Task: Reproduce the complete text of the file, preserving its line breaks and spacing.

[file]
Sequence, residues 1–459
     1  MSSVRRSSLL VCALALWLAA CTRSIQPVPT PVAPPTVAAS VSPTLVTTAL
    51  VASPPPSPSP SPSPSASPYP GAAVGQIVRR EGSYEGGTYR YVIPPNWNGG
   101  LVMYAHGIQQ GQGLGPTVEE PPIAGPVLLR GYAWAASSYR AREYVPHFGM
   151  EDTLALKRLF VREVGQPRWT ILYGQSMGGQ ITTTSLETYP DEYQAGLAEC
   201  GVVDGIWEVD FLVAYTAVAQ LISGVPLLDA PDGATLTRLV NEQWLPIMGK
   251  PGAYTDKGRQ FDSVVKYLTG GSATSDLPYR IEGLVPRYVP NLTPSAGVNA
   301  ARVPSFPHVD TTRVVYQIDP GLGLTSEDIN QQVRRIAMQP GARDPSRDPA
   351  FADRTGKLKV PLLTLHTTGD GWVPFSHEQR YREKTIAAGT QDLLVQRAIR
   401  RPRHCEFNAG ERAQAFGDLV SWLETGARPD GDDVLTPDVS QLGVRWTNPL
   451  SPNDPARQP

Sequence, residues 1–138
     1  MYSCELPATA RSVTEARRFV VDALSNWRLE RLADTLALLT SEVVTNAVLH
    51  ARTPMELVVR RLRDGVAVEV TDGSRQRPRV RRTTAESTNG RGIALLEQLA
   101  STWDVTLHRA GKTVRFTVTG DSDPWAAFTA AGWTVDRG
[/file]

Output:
Sequence, residues 1–459
     1  MSSVRRSSLL VCALALWLAA CTRSIQPVPT PVAPPTVAAS VSPTLVTTAL
    51  VASPPPSPSP SPSPSASPYP GAAVGQIVRR EGSYEGGTYR YVIPPNWNGG
   101  LVMYAHGIQQ GQGLGPTVEE PPIAGPVLLR GYAWAASSYR AREYVPHFGM
   151  EDTLALKRLF VREVGQPRWT ILYGQSMGGQ ITTTSLETYP DEYQAGLAEC
   201  GVVDGIWEVD FLVAYTAVAQ LISGVPLLDA PDGATLTRLV NEQWLPIMGK
   251  PGAYTDKGRQ FDSVVKYLTG GSATSDLPYR IEGLVPRYVP NLTPSAGVNA
   301  ARVPSFPHVD TTRVVYQIDP GLGLTSEDIN QQVRRIAMQP GARDPSRDPA
   351  FADRTGKLKV PLLTLHTTGD GWVPFSHEQR YREKTIAAGT QDLLVQRAIR
   401  RPRHCEFNAG ERAQAFGDLV SWLETGARPD GDDVLTPDVS QLGVRWTNPL
   451  SPNDPARQP

Sequence, residues 1–138
     1  MYSCELPATA RSVTEARRFV VDALSNWRLE RLADTLALLT SEVVTNAVLH
    51  ARTPMELVVR RLRDGVAVEV TDGSRQRPRV RRTTAESTNG RGIALLEQLA
   101  STWDVTLHRA GKTVRFTVTG DSDPWAAFTA AGWTVDRG